As noted in the Wall Street Journal on April 12th, the U.S. administration will begin to allow the sale of E-15 (high ethanol) gasoline to be sold during the summer months in an effort to lower fuel prices; however, while it may be tempting to reach for that lower priced fuel option at the pump, E15 can damage your marine engine, void your warranty and is also prohibited under federal law for use in boat engines.
Let’s take a closer look at how Ethanol gasoline affects marine engines. Ethanol fuel is subject to phase-separation which means that when moisture is introduced to the fuel tank, usually through normal changes in temperature, it binds to the ethanol which causes it to settle to the bottom of the fuel tank. This ethanol-water combination creates a sludge that will harm your engine and can be corrosive to engine components.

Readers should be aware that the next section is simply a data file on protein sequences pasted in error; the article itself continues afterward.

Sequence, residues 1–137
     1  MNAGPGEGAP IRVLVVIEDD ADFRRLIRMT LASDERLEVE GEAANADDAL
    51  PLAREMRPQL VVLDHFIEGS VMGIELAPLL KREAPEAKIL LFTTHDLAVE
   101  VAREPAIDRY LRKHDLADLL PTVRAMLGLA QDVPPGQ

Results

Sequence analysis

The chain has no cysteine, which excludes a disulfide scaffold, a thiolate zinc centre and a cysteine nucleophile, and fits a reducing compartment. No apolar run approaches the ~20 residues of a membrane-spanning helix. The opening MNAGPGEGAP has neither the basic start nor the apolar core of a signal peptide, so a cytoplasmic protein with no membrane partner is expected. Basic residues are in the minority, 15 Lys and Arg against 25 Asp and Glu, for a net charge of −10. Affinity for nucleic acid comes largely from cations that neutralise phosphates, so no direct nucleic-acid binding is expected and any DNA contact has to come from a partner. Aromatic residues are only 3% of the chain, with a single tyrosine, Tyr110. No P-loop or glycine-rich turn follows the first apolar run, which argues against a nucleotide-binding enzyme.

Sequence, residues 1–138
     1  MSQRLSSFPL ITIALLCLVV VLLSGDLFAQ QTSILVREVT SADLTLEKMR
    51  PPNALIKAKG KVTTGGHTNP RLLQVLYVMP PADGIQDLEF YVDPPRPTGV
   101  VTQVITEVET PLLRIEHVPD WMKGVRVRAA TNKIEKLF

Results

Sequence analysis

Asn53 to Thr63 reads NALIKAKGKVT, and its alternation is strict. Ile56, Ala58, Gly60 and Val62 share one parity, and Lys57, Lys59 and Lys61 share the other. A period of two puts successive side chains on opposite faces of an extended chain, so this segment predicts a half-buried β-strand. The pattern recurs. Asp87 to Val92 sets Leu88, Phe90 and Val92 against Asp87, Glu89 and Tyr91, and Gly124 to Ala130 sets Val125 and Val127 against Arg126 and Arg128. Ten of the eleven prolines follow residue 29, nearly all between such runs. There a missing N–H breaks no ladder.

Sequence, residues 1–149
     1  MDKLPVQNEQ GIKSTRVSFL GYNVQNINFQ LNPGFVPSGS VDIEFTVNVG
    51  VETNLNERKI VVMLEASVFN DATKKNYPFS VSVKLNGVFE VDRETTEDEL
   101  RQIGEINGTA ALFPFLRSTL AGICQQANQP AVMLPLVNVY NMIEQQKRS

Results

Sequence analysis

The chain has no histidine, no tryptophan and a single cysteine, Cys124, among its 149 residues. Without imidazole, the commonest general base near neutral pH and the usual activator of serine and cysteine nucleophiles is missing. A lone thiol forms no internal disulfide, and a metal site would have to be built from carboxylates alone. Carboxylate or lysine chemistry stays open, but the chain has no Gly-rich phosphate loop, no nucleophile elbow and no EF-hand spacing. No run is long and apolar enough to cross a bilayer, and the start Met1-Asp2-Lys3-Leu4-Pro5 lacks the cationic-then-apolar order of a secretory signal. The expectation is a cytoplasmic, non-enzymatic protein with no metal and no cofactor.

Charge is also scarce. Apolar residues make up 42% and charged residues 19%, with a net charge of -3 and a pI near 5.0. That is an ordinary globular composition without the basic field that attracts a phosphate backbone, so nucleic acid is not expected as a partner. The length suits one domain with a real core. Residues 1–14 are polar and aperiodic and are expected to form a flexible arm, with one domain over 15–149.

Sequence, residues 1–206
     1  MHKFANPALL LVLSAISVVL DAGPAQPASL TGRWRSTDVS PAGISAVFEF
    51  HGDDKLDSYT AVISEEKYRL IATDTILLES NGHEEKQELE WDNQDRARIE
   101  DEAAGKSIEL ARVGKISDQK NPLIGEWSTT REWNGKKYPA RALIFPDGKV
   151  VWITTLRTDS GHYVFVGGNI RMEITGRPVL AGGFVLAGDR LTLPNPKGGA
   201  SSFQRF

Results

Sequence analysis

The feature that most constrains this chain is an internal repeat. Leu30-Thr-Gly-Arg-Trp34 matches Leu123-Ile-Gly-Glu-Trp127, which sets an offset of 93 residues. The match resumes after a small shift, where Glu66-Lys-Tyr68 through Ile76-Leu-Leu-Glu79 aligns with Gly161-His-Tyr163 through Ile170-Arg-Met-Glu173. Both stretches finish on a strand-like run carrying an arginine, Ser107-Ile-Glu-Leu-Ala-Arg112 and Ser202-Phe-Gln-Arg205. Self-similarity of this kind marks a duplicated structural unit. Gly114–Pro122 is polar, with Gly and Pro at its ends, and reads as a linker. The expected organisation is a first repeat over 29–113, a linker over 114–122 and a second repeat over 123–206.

Don’t be confused at the pump as avoiding ethanol fuel can be tricky. Many non-marine gas stations use various labels to market ethanol gas. Look for labeling that may read E15, E85 or Unleaded 88 and stay away from those grades. 88 Octane is a new way of marketing E15, so even if the pump doesn’t state that it contains ethanol, knowing what to look for is key. When in doubt, E10 or less is acceptable, but should be avoided and if you find that you have used E10, be sure to use up all of the fuel or add a stabilizer - and never let it sit in your tank for extended periods of time.